The Fury Mode from the earlier games is back, allowing Dani to tear adversaries apart with her bare hands once I’ve filled the meter up with battles and energy drinks.
In one boss battle, it’s suggested that I utilize a variety of button-controlled fireworks to succeed, but the flames only have an impact on the boss when it’s in the exact correct spot at the exact right moment. I’m even more irritated by the Butcho clown fight that journalists detailed in-game previews from the previous season.
Attacks cannot harm Butcho’s body in half. Because additional zombies steadily enter the arena as you kill them, Butcho has an endless supply of food to recover with. This allows him to continually regenerate health. As fighting Butcho one restless night, I begin to weep. I’ll be the first to say that my fear of clowns and the irritating carnival tune that plays as we fight aren’t helping, but I can’t stop it The distinction between “get good” and unjust keeps coming to me.
Die, zombie, die!
Butcho is finally defeated by me thanks to what seems like a fluke—a few seconds during which his body writhes and sustains extra harm for no apparent reason.
The pace of Dead Island 2 suffers in my opinion because of these more intense role-playing game-style battles, and the game’s difficulty level makes it feel obnoxiously more multiplayer-focused in key areas. Due to the fact that I am the only player (the game is still in development), I am appreciative of my victories since they allow me to continue playing along the drama- and blood-filled West Coast of the game.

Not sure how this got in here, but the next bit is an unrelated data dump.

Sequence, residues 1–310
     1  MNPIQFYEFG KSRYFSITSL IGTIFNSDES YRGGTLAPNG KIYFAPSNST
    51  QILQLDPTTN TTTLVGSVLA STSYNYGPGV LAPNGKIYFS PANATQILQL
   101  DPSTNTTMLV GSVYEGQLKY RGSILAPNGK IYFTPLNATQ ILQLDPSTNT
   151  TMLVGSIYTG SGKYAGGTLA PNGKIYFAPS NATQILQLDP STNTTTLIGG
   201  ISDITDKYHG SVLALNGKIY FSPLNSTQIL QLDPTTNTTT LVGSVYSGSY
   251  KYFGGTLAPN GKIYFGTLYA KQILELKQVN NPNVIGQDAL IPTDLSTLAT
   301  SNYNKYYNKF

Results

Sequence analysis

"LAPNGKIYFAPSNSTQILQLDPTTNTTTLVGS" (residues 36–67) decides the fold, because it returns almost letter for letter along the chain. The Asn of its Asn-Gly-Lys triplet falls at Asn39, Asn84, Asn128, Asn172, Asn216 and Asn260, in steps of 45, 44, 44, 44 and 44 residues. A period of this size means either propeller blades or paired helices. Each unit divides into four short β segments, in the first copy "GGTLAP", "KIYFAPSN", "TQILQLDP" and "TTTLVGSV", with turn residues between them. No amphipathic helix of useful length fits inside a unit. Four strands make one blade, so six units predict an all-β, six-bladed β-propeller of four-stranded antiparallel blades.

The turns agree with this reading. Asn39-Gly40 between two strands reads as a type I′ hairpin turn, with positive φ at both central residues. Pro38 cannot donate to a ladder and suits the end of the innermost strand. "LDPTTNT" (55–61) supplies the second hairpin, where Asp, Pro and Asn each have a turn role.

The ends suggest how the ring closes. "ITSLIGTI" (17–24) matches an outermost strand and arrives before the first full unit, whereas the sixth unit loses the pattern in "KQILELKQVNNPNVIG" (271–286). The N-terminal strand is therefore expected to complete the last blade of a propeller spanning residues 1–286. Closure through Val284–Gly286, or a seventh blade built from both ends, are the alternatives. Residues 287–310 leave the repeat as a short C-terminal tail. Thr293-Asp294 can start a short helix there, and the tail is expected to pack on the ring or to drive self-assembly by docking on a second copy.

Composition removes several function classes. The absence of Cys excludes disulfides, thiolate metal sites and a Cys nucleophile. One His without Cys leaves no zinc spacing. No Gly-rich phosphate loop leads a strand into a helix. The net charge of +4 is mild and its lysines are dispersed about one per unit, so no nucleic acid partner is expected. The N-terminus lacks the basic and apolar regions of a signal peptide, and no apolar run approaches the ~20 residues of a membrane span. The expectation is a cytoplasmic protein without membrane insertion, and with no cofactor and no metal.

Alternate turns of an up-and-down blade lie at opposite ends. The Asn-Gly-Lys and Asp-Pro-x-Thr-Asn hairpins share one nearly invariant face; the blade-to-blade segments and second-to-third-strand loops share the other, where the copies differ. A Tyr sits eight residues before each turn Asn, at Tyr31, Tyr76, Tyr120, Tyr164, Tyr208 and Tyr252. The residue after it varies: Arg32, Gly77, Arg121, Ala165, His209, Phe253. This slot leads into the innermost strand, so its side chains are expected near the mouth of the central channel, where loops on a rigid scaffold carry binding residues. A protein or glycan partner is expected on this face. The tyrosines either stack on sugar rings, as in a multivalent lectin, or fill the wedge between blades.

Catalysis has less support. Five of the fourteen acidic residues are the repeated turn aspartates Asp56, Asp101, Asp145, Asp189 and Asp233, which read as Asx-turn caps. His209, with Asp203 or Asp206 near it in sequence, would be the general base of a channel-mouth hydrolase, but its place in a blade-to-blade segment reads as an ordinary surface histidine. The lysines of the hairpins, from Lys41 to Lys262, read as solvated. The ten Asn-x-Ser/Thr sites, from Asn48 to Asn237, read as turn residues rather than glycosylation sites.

What I want from Dead Island 2 is drama and guts. However, the butchery in the game is genuine enough that I finally start to wonder why it gives me such a rush to kill so many fictitious people. But it’s difficult to not feel content when the game continues giving me rewards.
I gain experience points (XP) toward leveling up when I finish the game’s 24 major chapters, some of the 33 side tasks it offers, locate missing people, and earn challenge accomplishments. Dani’s life bar, damage done, and defense gradually rise as I level up, enabling me to complete the main narrative tasks, reach adversaries behind gates (one particularly difficult enemy has a skull hovering over its head), and “match” weapons to specific targets
raising standards to new, horrific heights at my level. In addition, when Dani becomes stronger, my previously locked skill card slots automatically unlock.